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Detroit woman shot while dancing with off-duty officer

July 09, 2012|By Matt Pearce
  • Eddie Miller and Yolanda McNair talk about their daughter, Adaisha Miller, who was killed in Detroit while dancing with a police officer.
Eddie Miller and Yolanda McNair talk about their daughter, Adaisha Miller,… (Mike Householder / Associated…)

Detroit police are investigating a shooting death in which they believe a woman dancing behind an off-duty officer accidentally set off the gun holstered on his waist.

Adaisha Miller, 24, was dancing at a fish fry party outside the officer's house in Detroit, police said. She apparently tugged at his waist, where his department-issue .40-caliber Smith & Wesson was concealed in a holster.

Police said he was facing away from her and never touched the gun before it went off, hitting her in the lung and the heart.

Miller was supposed to turn 25 on Monday. Now her mother is demanding to know how this could have happened.

“Instead of giving her a party this week, I'm planning her obituary and funeral,” Yolanda McNair told the Detroit Free Press from her front porch in west-side Detroit, surrounded by family and friends.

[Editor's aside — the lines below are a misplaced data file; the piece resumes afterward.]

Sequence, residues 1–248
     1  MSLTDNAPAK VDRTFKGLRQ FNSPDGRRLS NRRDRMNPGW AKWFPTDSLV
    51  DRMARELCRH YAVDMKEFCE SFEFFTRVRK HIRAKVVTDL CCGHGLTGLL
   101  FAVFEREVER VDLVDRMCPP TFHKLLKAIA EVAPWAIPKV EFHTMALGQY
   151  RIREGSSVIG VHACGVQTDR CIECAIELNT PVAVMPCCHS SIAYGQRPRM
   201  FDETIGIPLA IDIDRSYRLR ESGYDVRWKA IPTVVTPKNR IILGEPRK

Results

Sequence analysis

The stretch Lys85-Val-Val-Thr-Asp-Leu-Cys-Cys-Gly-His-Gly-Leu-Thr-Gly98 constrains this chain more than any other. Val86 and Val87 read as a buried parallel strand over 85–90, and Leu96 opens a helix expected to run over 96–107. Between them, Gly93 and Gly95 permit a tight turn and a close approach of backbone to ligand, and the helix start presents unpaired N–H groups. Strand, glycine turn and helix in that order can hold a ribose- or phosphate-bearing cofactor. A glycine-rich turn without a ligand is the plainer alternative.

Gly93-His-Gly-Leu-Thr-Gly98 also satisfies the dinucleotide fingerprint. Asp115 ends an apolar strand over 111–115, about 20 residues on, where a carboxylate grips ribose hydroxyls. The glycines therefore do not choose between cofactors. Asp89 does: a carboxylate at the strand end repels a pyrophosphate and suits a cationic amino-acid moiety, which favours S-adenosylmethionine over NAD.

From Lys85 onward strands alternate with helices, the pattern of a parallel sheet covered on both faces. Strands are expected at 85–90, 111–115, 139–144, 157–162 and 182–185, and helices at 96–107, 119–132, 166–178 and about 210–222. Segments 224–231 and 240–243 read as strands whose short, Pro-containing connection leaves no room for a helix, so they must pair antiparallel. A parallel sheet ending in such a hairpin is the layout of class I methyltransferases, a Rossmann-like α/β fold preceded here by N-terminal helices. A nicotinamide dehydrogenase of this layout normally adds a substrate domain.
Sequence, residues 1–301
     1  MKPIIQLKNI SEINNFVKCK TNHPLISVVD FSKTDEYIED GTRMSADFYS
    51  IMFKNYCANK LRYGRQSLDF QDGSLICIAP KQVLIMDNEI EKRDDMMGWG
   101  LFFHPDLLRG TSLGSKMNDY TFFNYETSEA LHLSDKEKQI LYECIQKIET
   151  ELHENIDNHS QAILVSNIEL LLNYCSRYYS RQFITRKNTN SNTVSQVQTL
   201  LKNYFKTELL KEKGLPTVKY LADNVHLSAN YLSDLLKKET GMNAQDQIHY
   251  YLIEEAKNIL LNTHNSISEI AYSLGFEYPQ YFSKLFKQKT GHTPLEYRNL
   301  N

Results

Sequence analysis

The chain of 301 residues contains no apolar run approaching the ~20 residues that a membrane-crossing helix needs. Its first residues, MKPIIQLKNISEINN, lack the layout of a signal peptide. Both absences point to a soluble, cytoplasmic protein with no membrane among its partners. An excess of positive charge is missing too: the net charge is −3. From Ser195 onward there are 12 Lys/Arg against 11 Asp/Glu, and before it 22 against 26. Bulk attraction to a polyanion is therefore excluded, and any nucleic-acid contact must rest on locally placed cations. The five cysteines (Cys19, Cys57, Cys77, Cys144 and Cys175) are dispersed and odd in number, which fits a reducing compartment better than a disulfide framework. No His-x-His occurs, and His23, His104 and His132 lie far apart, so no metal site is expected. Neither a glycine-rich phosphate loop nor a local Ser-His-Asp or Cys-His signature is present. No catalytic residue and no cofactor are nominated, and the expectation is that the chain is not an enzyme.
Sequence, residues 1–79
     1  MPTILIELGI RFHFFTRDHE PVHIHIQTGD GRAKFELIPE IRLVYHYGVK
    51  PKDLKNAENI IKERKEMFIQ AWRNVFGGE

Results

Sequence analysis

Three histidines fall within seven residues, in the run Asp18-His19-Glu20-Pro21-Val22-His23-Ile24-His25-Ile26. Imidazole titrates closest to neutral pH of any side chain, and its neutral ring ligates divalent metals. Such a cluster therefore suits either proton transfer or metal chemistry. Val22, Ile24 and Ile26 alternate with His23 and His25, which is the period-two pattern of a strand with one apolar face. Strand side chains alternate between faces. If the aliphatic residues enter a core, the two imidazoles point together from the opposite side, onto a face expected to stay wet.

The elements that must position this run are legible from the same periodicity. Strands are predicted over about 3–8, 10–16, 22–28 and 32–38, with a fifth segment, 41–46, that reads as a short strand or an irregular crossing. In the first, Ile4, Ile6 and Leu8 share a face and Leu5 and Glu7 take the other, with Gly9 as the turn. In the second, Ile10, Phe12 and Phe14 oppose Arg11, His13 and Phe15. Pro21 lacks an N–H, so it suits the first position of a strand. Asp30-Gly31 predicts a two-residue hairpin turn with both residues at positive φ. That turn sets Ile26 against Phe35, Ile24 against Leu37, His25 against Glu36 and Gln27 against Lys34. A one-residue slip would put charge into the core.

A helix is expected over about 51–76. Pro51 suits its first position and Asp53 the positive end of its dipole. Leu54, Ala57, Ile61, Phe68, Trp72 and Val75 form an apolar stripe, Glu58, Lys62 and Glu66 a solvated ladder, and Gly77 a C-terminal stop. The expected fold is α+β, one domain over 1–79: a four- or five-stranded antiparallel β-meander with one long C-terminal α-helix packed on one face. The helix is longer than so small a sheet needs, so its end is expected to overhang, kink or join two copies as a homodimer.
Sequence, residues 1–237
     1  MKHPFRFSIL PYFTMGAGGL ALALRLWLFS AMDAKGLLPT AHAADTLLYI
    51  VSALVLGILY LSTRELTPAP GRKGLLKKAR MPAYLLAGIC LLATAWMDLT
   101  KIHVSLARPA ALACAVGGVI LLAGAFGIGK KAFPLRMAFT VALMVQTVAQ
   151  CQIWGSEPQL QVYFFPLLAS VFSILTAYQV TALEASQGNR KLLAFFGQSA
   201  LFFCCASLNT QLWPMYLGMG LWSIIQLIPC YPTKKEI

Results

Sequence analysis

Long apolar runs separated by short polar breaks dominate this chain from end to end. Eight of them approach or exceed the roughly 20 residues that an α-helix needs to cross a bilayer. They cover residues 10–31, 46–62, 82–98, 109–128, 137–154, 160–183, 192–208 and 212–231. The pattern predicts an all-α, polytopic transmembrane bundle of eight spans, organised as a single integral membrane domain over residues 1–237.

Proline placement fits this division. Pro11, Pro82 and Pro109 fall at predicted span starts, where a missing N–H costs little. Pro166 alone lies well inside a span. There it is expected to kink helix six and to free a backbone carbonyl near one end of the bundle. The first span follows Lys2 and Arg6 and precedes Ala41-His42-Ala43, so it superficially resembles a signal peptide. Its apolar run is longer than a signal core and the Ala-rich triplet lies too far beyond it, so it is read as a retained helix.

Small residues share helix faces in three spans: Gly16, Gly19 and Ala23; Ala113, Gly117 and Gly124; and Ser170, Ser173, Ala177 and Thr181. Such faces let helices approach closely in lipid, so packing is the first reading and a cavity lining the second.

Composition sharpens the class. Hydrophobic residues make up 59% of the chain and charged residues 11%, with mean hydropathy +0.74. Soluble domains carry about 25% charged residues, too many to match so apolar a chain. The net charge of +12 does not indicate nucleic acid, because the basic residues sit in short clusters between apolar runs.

Detroit police told the Los Angeles Times they’re conducting an investigation.

“We’re not saying he shot her,” Sgt. Eren Stephens told The Times.

Stephens said the officer, whose name has not been released, was qualified to wear a weapon off-duty and that there is no policy that prevents off-duty officers from keeping their gun loaded.

The family disagrees. If you’re at a party, Miller’s mother told the Free Press, “why do you need a weapon with a round in the chamber?"

In a televised news conference, Detroit Police Chief Ralph Godbee offered his condolences to the family and said there was “no indication” that the officer, now on leave until the investigation is complete, “placed his hand on the weapon at all."

During the press conference, a reporter asked how Miller could have been shot in the heart if the gun was in the officer's waist holster, presumably pointing toward the ground.

“You’re digging too deep in the weeds,” Godbee said, adding that a more detailed account would be released when the investigation was complete.

The inquiry will be conducted by Internal Affairs and the results turned over to the county prosecutor's office, which is also conducting its own investigation. All of the department’s policies will be reviewed in light of what happened, the chief said.

The officer is "very remorseful of the incident and the tragic nature of the young lady losing her life the way that she did,” Godbee said.


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